Once every three years, one year after the first sitting of parliament following the election, the latest population estimates are used to determine the entitlement of seats in the House of Representatives for each state.
In 2017, Victoria and the Australian Capital Territory each gained an extra electorate, while South Australia lost a seat, leading to a net increase of one seat from 150 to 151.
The next entitlement is due in July 2020, and the latest population figures suggest Victoria is set to gain yet another electorate (its 39th), while Western Australia is set to lose its 16th seat, and the Northern Territory would be reduced to one seat, for a total of 150.
The Parliamentary Library has published a paper outlining the timeline for the next redistribution and making rough projections about the likely population estimates. The December 2019 population figures will likely be the most recent information when the entitlement is calculated in July 2020, so they have projected population growth forward from December 2018 to December 2019.
The following table shows how many quotas each state and territory had as of December 2016 (which was used for the 2017 entitlement), in December 2018 (the most recent) and the projection for December 2019.
|State||Dec 2016||Dec 2018||Dec 2019 projection|
|New South Wales||47.32||47.28||47.24|
|Australian Capital Territory||2.54||2.49||2.51|
Victoria’s population is growing a lot faster than the rest of the country, while Queensland is growing more slowly, and every other state is falling backwards (although every jurisdiction is still experiencing a growing population).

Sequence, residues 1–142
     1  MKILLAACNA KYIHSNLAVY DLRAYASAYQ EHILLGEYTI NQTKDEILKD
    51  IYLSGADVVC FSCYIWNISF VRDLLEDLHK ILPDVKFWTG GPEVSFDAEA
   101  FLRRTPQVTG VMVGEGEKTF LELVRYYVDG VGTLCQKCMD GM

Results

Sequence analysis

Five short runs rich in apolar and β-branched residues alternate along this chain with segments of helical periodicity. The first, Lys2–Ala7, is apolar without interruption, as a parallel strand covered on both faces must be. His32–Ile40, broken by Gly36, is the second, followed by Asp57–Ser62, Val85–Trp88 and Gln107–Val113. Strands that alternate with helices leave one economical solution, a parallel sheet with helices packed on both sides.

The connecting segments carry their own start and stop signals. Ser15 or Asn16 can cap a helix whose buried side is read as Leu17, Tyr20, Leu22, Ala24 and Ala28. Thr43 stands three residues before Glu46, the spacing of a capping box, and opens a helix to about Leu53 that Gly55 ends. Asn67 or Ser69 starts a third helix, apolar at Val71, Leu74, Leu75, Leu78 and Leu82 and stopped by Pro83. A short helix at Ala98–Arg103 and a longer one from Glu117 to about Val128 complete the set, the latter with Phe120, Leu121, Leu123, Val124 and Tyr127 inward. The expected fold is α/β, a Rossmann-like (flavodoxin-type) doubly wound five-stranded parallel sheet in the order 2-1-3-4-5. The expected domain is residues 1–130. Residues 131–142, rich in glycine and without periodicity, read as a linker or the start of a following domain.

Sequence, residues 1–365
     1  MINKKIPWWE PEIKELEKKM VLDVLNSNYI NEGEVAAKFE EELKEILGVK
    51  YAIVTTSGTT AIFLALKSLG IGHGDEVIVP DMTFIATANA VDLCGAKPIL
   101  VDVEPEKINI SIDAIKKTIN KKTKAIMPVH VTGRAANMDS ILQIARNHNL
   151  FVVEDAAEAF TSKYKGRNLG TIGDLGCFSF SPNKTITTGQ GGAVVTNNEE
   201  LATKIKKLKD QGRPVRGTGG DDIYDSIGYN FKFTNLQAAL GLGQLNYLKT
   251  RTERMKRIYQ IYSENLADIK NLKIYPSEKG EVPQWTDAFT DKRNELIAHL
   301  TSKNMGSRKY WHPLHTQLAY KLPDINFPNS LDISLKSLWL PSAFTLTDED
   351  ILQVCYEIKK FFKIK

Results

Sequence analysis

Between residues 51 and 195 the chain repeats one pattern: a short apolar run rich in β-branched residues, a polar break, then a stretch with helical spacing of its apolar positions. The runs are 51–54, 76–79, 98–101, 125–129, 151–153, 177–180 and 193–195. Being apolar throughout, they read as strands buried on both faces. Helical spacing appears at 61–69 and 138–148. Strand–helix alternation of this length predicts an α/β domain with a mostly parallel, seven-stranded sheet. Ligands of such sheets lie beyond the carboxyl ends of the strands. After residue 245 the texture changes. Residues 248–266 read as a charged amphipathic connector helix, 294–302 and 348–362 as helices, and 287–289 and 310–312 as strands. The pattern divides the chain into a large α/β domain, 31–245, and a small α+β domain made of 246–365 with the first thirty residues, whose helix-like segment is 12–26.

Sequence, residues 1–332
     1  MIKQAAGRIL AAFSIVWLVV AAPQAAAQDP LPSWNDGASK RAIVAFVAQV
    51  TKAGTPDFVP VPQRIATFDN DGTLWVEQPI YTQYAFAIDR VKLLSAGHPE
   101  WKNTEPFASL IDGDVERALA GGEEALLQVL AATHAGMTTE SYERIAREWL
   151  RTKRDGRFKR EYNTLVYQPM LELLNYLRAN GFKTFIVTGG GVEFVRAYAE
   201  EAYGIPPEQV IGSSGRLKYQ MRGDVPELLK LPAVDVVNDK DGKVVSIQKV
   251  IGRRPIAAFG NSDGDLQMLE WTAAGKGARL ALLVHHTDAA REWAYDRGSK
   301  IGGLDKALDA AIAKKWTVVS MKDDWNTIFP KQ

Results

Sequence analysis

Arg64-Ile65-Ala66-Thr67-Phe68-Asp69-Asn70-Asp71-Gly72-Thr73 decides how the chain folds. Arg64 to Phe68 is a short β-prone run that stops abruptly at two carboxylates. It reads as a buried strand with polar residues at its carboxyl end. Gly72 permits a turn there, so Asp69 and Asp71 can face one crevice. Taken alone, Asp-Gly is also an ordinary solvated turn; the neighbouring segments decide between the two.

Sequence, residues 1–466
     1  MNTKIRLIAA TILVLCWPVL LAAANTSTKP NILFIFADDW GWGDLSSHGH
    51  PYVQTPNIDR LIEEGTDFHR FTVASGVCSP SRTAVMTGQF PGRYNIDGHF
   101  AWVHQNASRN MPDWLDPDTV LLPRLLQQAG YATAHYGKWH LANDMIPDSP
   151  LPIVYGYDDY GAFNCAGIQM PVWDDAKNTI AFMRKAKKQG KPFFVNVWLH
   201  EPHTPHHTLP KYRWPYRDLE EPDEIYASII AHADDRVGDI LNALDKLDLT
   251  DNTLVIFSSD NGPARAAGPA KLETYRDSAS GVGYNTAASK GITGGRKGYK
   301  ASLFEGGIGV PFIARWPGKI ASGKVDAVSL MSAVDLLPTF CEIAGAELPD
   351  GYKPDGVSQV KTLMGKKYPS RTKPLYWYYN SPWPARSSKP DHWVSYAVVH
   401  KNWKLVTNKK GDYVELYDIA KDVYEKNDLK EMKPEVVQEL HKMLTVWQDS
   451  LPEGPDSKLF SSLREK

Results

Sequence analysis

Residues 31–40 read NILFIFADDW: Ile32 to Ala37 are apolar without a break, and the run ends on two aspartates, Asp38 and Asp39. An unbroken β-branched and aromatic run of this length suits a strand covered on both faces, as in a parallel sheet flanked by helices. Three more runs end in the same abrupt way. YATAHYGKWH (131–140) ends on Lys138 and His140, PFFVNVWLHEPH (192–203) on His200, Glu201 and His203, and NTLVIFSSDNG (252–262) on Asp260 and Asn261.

It now looks like Victoria will gain a 39th seat, on top of the 38th they gained before the last election. Western Australia is very clearly on track to lose the 16th seat they gained before the 2016 election.
The Northern Territory is also looking set to lose its second seat. The NT also dropped below the quota in the 2002 entitlement, just after the territory received a second seat for the first time at the 2001 election, which triggered legislation in the parliament to protect the NT’s second seat. This wasn’t supported, with the parliament instead passing legislation allowing for a ‘margin of error’ where a state falls just short of the population needed for an additional seat.
The NT only just fell short in 2002 (by 295 people), whereas it looks set to fall much further short in 2020 (more like 4700), so unless the parliament was to legislate a minimum number of two MPs for each territory (in the same way that the constitution gives a minimum of five for Tasmania) it looks likely that the NT’s two seats of Solomon and Lingiari will be merged for the next federal election.
If the current projections are accurate we will see electoral redistributions in Victoria and Western Australia over 2020/21, while the Northern Territory won’t require a redistribution as it will simply merge into one electorate. No other states will fall due for redistributions in the current term, with New South Wales due after the 2022 election. Every other state, barring a change in their seat entitlement, won’t likely have a redistribution completed until after the following election due in 2025.